Duterte: Anti-terrorism bill still under Palace legal team review
(Philstar.com) - June 23, 2020 - 10:06am

MANILA, Philippines — President Rodrigo Duterte’s legal team is still reviewing the controversial anti-terrorism bill that was transmitted to the Palace on June 9.

In a meeting with Cabinet officials aired late Monday night, Duterte explained he still has not “received” it as he had his legal team review it.

“It’s always—that’s automatic. When it comes to me, I endorse it to legal. Without even reading it actually, if you—if you want to really know,” he added.

The proposed new anti-terrorism bill reached the Duterte’s desk on June 9, starting the 30-day clock for presidential action on it. The chief executive has three options: Sign the bill that he marked as urgent into law, veto it, or let it sit until July 9 and it will automatically lapse into law.

The Office of the Chief Presidential Legal Counsel submitted its review mere days after he Congress transmitted the enrolled, or final, copy of the bill to the Office of the President.

Chief presidential legal counsel Salvador Panelo said his office recommended the signing of the anti-terrorism bill, as it is “effective in combating terrorism” and has passed the constitutional test.

Panelo’s review of the bill is in contrast with the Integrated Bar of the Philippines, lawyers groups and law academe as they warned of the constitutional infirmities found in the proposed new measure.

The Department of Justice also conducted a constitutional review of the controversial anti-terrorism bill. Justice Secretary Menardo Guevarra said they sent their recommendations to the Palace last Wednesday, June 17.

A copy of DOJ’s review has yet to be made public, as Guevarra left it to the Palace to disclose it, citing confidentiality.

Presidential spokesperson Harry Roque said Monday that they are waiting for recommendations from the Office of the Executive Secretary.

RELATED: Infirmities that rights expert flagged in Human Security Act also in anti-terrorism bill

Duterte: Communists are our number one problem

In the same meeting, where the government gave updates on addressing the COVID-19 pandemic, Duterte said communists are the number one threat to the country.

“Terrorism is number one in our list. Actually, the number one threat to the country is not the Abu Sayyaf, not the terrorists of no value, but these high value targets, the communists,” the president said in a mix of English and Filipino.

Duterte said that terrorists and the Communist Party of the Philippines are giving the government “no respite” despite the outbreak of the deadly coronavirus in the country.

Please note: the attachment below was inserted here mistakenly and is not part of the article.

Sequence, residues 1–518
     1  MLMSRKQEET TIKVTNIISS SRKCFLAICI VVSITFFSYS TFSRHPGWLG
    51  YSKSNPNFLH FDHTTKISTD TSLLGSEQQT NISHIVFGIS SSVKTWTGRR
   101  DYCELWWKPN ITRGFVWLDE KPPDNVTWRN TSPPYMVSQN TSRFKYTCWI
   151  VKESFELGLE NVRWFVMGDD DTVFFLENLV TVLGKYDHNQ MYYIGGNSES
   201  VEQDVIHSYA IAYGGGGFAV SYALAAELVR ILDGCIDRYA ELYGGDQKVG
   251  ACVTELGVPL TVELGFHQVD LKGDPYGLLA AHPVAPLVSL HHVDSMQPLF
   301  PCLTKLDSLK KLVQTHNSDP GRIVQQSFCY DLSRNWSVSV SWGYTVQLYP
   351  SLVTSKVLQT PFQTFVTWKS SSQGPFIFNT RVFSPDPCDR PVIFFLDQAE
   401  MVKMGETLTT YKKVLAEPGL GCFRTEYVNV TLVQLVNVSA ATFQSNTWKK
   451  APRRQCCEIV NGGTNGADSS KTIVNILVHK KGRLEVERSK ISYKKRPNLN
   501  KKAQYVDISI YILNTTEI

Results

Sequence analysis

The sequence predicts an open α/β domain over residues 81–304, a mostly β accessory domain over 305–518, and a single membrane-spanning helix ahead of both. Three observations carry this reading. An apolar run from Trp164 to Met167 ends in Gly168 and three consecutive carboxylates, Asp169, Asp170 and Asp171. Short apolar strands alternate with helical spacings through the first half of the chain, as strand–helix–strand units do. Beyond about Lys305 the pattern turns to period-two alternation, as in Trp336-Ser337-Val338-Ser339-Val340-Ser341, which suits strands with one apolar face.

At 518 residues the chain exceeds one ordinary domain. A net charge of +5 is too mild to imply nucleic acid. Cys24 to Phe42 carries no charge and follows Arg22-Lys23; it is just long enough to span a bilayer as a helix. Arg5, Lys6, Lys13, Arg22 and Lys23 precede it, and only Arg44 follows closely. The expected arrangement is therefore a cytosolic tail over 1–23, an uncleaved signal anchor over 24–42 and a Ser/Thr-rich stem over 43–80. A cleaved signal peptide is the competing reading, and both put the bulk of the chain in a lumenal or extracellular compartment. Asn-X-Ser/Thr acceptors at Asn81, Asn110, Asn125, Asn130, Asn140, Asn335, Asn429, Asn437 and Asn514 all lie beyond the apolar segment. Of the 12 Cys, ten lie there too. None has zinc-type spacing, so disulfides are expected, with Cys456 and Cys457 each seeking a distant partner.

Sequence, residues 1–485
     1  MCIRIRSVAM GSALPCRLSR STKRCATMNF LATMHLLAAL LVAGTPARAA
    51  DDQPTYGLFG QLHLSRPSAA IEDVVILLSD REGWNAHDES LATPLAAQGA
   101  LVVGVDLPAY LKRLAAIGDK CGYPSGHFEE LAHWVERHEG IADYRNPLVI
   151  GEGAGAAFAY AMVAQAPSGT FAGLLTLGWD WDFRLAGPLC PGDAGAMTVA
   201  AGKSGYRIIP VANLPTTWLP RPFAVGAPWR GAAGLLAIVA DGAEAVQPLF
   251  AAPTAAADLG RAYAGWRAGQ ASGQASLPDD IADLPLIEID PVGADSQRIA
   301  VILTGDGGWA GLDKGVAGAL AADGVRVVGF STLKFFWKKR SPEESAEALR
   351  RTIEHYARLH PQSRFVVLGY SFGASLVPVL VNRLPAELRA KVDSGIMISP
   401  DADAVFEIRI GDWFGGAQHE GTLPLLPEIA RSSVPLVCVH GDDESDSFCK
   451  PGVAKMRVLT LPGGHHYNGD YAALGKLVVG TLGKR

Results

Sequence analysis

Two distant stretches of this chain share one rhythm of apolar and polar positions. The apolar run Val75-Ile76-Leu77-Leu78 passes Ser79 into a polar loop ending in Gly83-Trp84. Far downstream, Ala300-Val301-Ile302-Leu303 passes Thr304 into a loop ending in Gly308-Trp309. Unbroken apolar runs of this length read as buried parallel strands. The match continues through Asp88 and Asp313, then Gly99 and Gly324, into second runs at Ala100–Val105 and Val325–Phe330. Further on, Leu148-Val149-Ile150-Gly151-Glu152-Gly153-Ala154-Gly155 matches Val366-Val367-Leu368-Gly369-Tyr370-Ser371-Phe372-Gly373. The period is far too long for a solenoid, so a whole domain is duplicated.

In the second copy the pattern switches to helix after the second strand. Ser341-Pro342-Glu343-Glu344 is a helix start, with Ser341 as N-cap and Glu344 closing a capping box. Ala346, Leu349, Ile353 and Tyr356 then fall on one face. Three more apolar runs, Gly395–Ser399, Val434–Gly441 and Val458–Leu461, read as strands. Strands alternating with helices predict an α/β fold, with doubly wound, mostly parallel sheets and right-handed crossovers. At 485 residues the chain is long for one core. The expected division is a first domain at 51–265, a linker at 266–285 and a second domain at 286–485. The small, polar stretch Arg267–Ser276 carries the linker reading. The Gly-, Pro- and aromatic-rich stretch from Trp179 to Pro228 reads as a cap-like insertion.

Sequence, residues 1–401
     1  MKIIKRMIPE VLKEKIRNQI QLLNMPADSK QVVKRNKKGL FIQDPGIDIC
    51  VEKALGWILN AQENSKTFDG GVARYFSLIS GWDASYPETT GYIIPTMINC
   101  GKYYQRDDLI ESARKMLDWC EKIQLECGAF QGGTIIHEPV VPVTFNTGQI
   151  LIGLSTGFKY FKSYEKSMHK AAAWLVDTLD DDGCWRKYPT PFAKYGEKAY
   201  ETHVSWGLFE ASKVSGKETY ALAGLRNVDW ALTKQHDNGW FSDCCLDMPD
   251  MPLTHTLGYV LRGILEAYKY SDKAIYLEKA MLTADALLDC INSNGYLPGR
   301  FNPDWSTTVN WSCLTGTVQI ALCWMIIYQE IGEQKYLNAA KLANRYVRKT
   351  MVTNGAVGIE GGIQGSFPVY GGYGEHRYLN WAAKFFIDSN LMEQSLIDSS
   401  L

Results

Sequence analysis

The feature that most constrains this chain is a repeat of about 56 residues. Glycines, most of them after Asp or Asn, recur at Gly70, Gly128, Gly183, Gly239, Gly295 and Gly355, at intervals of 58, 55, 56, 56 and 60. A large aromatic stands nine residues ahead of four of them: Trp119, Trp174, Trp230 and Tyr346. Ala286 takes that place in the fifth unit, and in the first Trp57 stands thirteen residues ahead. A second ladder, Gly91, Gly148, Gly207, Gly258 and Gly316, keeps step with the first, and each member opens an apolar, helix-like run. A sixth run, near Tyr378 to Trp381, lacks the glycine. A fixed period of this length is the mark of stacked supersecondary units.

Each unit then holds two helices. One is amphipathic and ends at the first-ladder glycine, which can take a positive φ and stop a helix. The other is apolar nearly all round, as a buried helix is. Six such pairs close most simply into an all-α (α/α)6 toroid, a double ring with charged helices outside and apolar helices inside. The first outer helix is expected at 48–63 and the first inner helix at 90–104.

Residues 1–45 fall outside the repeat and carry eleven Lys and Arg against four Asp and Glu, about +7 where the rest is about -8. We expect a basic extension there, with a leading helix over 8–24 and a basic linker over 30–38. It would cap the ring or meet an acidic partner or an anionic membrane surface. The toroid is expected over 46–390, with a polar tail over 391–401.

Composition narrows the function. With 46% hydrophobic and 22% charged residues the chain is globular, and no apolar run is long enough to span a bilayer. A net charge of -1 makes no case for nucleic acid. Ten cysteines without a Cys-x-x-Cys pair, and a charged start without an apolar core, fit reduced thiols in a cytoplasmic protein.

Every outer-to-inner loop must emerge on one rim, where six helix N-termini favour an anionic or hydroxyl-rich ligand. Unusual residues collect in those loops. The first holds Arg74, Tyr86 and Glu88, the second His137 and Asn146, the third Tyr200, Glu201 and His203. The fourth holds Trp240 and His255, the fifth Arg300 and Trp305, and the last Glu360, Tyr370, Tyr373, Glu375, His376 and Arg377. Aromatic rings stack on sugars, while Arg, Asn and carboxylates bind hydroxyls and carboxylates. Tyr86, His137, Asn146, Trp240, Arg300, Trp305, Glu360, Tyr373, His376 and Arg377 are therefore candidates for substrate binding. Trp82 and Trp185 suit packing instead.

He also warned: “I want to tell you, that I wish we do not reach the point where I have to—kill you.”

There is a pending plea to have the members of the CPP declared as terrorists before a Manila court.

The Duterte administration has been criticized for “railroading” the passage of the anti-terrorism bill while tens of thousands of Filipinos contract the deadly coronavirus. — Kristine Joy Patag

Related video:

As It Happens
LATEST UPDATE: July 9, 2020 - 4:15pm

President Rodrigo Duterte signed the Anti-Terrorism Law on July 3 despite opposition from rights groups and civil society groups that it could be used to stifle human rights.

A petition against the law has been filed at the Supreme Court and other groups are preparing pleadings of their own.

Follow this page for updates. Photo courtesy of The STAR/Michael Varcas 

July 9, 2020 - 4:15pm

Activists with the International Coalition for Human Rights in the Philippines US chapter and the Malaya movement (Malaya: U.S. Movement Against Killings and Dictatorship in the Philippines) march in Washington DC to protest passage of the Anti-Terrrorism Law and call for its scrapping.

"We unite in solidarity with the Filipino people and vehemently condemn the passing of the law. We cannot overlook the influence of the United States in the push for the Anti-Terror Law, which in design mimics the increased state surveillance and state power modeled in the U.S. Patriot Act," says ICHRP-US spokesperson Drew Elizarde-Miller.

The protests are part of a global day of action against Duterte’s Anti-Terror law. More than 10 cities joined in the US-wide condemnation gatherings, ICHRP-US also says.

July 6, 2020 - 12:16pm

Lawmakers from the Makabayan bloc at the House of Representatives file another petition against the anti-terrorism law before the Supreme Court.

The lawmakers ask the high court to review the controversial law and declare it unconstitutional "on its face."

"Its overbroad and vague definition of 'terrorism' punishes even free speech and expression, free press, and the right to peaceably assemble and petition the government for redress of grievances," the lawmakers say in a statement.

July 6, 2020 - 9:14am

Rep. Edcel Lagman (Albay) files a petition before the Supreme Court questioning the constitutionality of the anti-terrorism law.

Lagman asks the high court to issue a temporary restraining order or a writ of preliminary injunction restraining the government from enforcing the Anti-Terrorism Act of 2020.

The lawmaker also appeals to the SC to nullify the law as unconstitutional for "being replete with constitutional infirmities."

July 6, 2020 - 8:42am

A group of lawyers led by Howard Calleja and Bro. Armin Luistro from the De La Salle Brothers physically file the first petition against the Anti-Terrorism Act of 2020.

The lawyers earlier filed the petition by email last Saturday, which has been acknowledged by the Supreme Court.

July 5, 2020 - 2:05pm

The Palace declines comment on a petition against the Anti-Terrorism Law filed on Saturday.

"The Palace will leave it to the SC to decide on these petitions and will abide by whatever the ruling is," presidential spokesperson Harry Roque said.

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